Students are most interested in learning about saving, investing and credit, and the majority have more concerns about each topic at graduation than they did entering college. This according to results of U.S. Bank’s 2017 Student Financial Literacy Study, which includes quantitative survey and qualitative interview research with incoming and current college students.
Credit, in particular, stands out as an area where students continue to need more financial education during their college years:
- Many students believe common myths. For example, 55% of students do not know that their credit score is not impacted by how much money is in their bank account.
- There is a gap between white and multicultural students; 84 percent of white students say they know what a credit score is, compared with 77 percent of African American students, 75 percent of Hispanic students and 68 percent of Asian students.
- There’s a gender gap, too, although male students don’t realize it. Females demonstrated more knowledge than males about what a credit score is used for.
U.S. Bank Scholarship program incentivizes students to learn
The study found that students recognize the importance of financial education, but don’t feel the need to learn now. To incentivize students to take control of their finances, the U.S. Bank Financial Genius 2017 Scholarship program includes a series of online financial education tutorials about credit and more. Students can enter by registering online and those who complete tutorials receive up to eight additional entries (one per tutorial completed) in a sweepstakes to win scholarships. The program includes one grand prize $20,000 scholarship, one $10,000 scholarship and three $5,000 scholarships.
“Our goal is to be our customers’ most trusted choice when it comes to financial education,” said Ederick Lokpez, head of U.S. Bank’s student financial education program. “To establish that trusted relationship, it’s critical we have conversations – online or in-person – that can help students understand personal finance and start them on a path toward goals big or small.”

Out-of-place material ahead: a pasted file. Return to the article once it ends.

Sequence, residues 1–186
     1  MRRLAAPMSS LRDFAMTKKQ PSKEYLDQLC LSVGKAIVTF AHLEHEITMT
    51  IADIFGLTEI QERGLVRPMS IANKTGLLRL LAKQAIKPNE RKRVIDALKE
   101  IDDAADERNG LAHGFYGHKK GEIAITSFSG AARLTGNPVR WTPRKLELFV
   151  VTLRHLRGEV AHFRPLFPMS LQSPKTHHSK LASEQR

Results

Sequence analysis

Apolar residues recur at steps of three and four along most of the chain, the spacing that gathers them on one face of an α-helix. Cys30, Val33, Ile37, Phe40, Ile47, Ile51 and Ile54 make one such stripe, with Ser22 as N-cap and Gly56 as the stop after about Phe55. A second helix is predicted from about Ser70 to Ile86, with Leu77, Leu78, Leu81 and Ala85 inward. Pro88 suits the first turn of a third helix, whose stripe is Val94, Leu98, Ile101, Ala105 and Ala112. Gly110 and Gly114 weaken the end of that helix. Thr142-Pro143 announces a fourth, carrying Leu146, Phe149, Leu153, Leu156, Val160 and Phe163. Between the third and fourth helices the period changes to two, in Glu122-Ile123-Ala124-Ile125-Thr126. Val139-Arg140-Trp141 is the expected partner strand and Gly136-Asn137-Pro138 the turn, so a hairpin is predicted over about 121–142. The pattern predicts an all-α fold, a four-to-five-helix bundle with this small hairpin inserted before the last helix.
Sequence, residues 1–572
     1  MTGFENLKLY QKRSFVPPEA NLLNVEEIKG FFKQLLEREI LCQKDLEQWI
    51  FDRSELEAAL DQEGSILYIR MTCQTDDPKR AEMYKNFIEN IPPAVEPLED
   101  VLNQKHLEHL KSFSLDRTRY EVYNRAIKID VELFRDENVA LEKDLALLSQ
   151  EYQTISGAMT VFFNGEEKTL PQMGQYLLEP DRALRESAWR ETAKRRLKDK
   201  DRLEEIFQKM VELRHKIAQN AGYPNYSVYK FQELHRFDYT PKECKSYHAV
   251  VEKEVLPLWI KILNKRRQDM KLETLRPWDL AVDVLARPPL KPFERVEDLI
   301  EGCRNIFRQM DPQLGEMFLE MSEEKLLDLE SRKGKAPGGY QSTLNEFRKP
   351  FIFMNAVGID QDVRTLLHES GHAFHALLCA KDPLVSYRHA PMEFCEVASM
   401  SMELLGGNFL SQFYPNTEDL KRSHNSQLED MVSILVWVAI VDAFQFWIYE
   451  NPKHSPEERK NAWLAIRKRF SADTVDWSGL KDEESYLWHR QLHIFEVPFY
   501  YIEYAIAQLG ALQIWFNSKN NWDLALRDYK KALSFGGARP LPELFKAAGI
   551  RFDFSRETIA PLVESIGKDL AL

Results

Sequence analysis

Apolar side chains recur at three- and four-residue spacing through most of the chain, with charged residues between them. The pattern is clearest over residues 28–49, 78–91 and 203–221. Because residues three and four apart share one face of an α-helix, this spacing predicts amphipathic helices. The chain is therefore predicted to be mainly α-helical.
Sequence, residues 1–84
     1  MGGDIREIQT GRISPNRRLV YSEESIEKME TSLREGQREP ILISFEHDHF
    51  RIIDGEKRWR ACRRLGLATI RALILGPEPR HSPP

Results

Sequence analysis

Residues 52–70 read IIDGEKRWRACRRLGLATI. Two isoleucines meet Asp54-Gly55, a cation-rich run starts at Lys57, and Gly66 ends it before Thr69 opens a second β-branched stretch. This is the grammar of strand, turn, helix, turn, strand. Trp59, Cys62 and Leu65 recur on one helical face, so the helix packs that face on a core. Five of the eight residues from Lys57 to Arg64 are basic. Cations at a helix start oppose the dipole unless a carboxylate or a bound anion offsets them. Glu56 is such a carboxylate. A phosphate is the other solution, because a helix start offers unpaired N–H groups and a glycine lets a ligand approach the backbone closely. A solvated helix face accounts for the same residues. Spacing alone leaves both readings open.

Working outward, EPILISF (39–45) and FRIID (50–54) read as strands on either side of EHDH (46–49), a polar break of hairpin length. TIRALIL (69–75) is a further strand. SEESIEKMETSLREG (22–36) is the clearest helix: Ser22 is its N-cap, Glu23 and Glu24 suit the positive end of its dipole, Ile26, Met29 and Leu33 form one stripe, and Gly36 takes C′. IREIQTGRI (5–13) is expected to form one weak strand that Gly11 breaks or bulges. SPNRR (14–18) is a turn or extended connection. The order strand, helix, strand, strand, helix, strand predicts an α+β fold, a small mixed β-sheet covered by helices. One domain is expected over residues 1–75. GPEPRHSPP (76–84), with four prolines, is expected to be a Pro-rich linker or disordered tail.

Lokpez recently partnered with the bank’s innovation team to host two co-creation sessions with college students to get their ideas on how to integrate education into students’ banking experience. “The sessions help us make financial education relevant enough for students to want to learn today. A solution for students, made by students,” he said.
Where students turn for financial information
As part of the 2017 study’s focus groups and interviews, students said they’re most likely to turn to their parents first. Sometimes, though, it goes both ways. The survey found that African American and Hispanic students were most likely to be involved in their family’s finances, and also most likely to cite that was because their parents relied on them due to their math or accounting skills. African American and Hispanic students were also most likely to list “owning my own business” as a top financial goal in the five years after college graduation.
If parents aren’t able to answer students’ financial questions, they’re most likely to turn to online resources – and how they view some resources can change over time. For example, as students get older during their college years their trust in personal finance-related social media posts from banks and news sources increases, while their trust in those from family members and celebrities decreases.